Egwald Mathematics: Linear Algebra
Systems of Linear Differential Equations Stability Analysis
by
Elmer G. Wiens
Linear Systems
The simplest two dimensional, continuous time process is the second order, linear homogeneous system with constant coefficients:
dx_{1} / dt = a * x_{1} + b * x_{2},
dx_{2} / dt = c * x_{1} + d * x_{2}
Let the matrix A be:
and the column vectors x and dx / dt be:
x^{T} = (x_{1}, x_{2}),
dx^{T} / dt = ( dx_{1} / dt, dx_{2} / dt ),
where "T" indicates the transpose of the vector from a column vector to a row vector.
The linear system has the form:
dx / dt = A * x. (2)
The origin, o^{T} = (0, 0), is an equilibrium (fixed) point of (2) because A * o = o.
The general 2 by 2 matrix, A, has:
p = trace(A) = a + d, and
q = det(A) = a*d  b*c.
Its characteristic equations is:
f(µ) = µ^{2}  p * µ + q
Factoring this quadratic equation yields the pair of eigenvalues, µ_{1} and µ_{2}, where:
µ_{1} = { p + sqrt(p^{2}  4 * q) } / 2 , and
µ_{2} = { p  sqrt(p^{2}  4 * q) } / 2.
Moreover:
p = µ_{1} + µ_{2},
q = µ_{1} * µ_{2}.
Designate the discriminant of the characteristic equation by:
d = p^{2}  4 * q.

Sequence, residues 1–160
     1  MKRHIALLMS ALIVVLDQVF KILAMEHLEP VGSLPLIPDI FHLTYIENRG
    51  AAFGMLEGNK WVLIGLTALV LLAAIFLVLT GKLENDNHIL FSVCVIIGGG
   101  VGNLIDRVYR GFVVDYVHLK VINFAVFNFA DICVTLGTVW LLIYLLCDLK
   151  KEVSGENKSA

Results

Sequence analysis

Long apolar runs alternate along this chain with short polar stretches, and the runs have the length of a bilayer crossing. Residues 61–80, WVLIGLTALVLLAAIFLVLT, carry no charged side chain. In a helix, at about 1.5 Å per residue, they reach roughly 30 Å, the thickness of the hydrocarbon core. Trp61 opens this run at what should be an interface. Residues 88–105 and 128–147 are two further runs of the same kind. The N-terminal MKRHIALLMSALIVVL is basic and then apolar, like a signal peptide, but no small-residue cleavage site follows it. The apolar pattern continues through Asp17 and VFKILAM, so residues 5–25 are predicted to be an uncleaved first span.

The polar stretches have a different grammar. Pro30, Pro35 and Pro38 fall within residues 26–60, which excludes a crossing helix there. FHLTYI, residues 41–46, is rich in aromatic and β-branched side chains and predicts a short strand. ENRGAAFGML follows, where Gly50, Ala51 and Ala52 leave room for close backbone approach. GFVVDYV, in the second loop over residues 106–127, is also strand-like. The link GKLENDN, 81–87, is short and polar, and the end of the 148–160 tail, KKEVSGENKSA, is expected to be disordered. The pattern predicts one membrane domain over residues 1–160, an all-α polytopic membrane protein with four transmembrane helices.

Classification of Fixed Points
The following diagram classifies the fixed points (critical points) of the linear system (2) according to the values of p = trace(A), q = det(A), and d = disc(A). The parabola, p^{2}  4 * q = 0, is the locus of points (p, q) for which d = 0.
In the region of the (q, p) plain enclosed by the parabola, p^{2}  4 * q, the eigenvalues µ_{1} and µ_{2} are complex numbers. If p is not zero, complex eigenvalues result in spiral trajectories. If p = 0, eigenvalues are purely imaginary and trajectories enclose the fixed point in ellipses or circles.
If p > 0 and q > 0 (the positive quadrant of the (q, p) plain), both eigenvalues have positive real parts (or are purely positive numbers), and the fixed point is unstable. If p > 0, and q = 0, one eigenvalue is positive and the other is zero: the trajectories are unstable lines.
Conversely, if p < 0 and q > 0 (the negative quadrant), both eigenvalues have negative real parts (or are purely negative numbers), and the fixed point is stable. If p < 0, and q = 0, one eigenvalue is negative and the other is zero: the trajectories are stable lines.
However, if q < 0, one eigenvalue is a positive number and the other is negative: trajectories follow the saddle point pattern.
Finally, if p = 0 and q = 0 two possibilities exist. If A is the zero matrix, every vector x is an equilibrium point. If A is not the zero matrix, then µ_{1} = µ_{1} = 0 and a line of equilibrium points passes through the eigenvector corresponding to one zero eigenvalue. All other trajectories are parallel to this line, running in opposite directions on either side of the line of equilibrium points.